In the art museum, artworks are prioritized over people. According to a report by AFSCME Culture Workers United, six of the museums represented in this survey—the Brooklyn Museum, the Cleveland Museum of Art, the MCA Chicago, the Seattle Art Museum, the Toledo Museum of Art, and MOCA L.A.—received publicly funded Paycheck Protection Program loans intended to keep workers employed during the Covid-19 pandemic. Each of these museums later reported employing fewer workers. The museums had to turn to public money, using PPP loans until they ran out and then letting their workers go so they could collect unemployment. Where were the boards and other donors then?
Brooklyn, Cleveland, MCA Chicago, and MOCA collect at rates above the national average in all the categories measured in the survey. All of these surveyed museums undoubtedly collect works by Black artists at rates multiple times greater than in previous years. At the same time, the Mellon Foundation’s 2022 Art Museum Staff Demographic Survey found that public-facing and building operations workers, the positions that were cut most frequently between 2018 and 2022, were held by people of color more often than all other positions in the museum.
(I was corrected by spokespeople for Cleveland, Seattle, Toledo, MCA, and MOCA when I labeled their worker losses “layoffs.” Each situation was slightly different, but all of them said, first and foremost, that calling of the losses “layoffs” was misleading. , they collectively said, . . I realized that “furlough” is a term of intent, not impact—a furlough can’t be called a temporary loss, as much as we want it to be so, until it’s over. From the worker’s perspective, an indeterminate furlough is a layoff. Mellon’s report gives museums credit for improving their hiring diversity in public-facing positions. It makes no comment on whether these positions remain more precarious than others. We’ll find out next time the museums get nervous.)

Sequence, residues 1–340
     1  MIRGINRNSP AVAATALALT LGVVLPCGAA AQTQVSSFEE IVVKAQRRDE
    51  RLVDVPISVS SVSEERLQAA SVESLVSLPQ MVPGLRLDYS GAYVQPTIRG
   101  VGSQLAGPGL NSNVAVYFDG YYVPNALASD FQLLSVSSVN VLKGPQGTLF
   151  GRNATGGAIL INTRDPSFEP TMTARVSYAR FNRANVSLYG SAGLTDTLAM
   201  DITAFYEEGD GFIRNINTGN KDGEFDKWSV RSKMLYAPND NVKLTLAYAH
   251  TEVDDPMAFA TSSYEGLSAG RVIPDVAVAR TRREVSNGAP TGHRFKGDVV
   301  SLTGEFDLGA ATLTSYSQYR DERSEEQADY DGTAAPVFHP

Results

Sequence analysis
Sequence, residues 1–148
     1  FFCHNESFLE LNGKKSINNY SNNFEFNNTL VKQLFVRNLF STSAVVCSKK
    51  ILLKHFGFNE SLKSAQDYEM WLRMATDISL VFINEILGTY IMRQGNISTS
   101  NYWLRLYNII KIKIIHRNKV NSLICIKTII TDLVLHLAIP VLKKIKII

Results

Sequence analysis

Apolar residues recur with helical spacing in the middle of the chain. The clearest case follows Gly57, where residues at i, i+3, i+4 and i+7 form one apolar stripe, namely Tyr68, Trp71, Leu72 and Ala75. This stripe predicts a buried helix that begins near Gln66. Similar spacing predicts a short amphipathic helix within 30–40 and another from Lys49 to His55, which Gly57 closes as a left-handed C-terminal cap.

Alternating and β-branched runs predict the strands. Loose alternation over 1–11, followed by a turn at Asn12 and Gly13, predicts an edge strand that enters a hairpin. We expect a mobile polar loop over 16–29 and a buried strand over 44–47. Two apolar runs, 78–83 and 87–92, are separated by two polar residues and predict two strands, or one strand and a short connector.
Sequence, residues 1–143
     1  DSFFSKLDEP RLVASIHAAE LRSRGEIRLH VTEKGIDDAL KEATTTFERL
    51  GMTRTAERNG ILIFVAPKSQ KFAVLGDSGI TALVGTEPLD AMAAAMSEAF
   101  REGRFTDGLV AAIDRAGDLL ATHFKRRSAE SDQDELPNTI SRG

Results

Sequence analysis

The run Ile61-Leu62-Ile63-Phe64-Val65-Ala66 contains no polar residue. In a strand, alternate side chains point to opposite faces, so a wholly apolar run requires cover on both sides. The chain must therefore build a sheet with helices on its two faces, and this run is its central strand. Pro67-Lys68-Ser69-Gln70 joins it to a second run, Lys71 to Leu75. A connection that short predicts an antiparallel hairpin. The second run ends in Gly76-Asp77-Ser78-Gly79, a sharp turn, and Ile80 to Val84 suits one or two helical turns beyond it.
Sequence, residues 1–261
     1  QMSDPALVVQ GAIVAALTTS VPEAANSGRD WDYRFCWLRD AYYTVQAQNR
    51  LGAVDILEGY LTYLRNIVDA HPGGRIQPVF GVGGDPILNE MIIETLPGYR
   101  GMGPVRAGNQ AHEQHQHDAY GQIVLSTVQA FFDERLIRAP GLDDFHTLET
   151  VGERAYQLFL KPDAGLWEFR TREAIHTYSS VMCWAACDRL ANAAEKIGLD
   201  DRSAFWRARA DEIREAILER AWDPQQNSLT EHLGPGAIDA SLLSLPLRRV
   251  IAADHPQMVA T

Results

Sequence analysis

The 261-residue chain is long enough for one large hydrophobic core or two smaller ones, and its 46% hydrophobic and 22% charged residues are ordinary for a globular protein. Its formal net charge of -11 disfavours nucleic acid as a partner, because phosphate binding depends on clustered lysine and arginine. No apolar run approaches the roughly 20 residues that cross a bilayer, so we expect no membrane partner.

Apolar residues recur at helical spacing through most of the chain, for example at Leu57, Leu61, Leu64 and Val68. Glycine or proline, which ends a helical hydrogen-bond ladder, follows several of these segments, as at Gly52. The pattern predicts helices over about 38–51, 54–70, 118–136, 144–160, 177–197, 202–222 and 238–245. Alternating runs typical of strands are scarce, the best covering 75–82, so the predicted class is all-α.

What I’ve appreciated about the union organizing at museums in the past couple of years is that at the very least, unions stir up conversations about labor practices and class within institutions that tend to avoid them. Museums talk a lot about race and gender, with caveats: with white male artists, regarding our staff, and only so long as these concepts are politically inert.
Unions, more than the media, art criticism, and other means of institutional critique I’ve seen, have revealed to the public through organizing in recent years that institutions, rather than being monoliths, actually host power struggles among departments and between employer and employee. During the Philadelphia Museum of Art union strike, the museum posted collections images on Instagram through clenched teeth while the union, the Roadrunner, ran circles. It posted from the picket line, broke the story that the museum had retained an anti-union law firm, argued to a union-friendly city that upholding the public trust meant being a good employer—and won.
I’d like to see more of that, everywhere. Blow the whistle, steal documents and post them on the internet, follow the donors’ money where it goes and publish, publish.
The power is the thing, not the paintings. It is the power that must be challenged. Unions do that internally, to the degree that it’s possible, by organizing people to claim and wield their labor as power. There are other ways to make counter-institutions: artist co-ops and galleries, anti-profit bookstores, art lending at libraries, quilting circles, braiding circles, apartment salons, citywide political education tours. Conversations. Not everything needs a grant. Not everything has to scale.
There’s this, paraphrased and true. I asked my friend Malik once, “What do you think it would take to sue a museum?”
“For what?” he said.
“For abusing the public trust. For not being sufficiently public.”
“If they do that, they’re illegitimate. Suing assumes legitimacy.”
You know? Just walk away. Being essential, art is irrepressible, ubiquitous. Museum walls keep more art out than in. So why keep the walls? The ceiling of our desires should be higher: a democratic and more richly public world of art.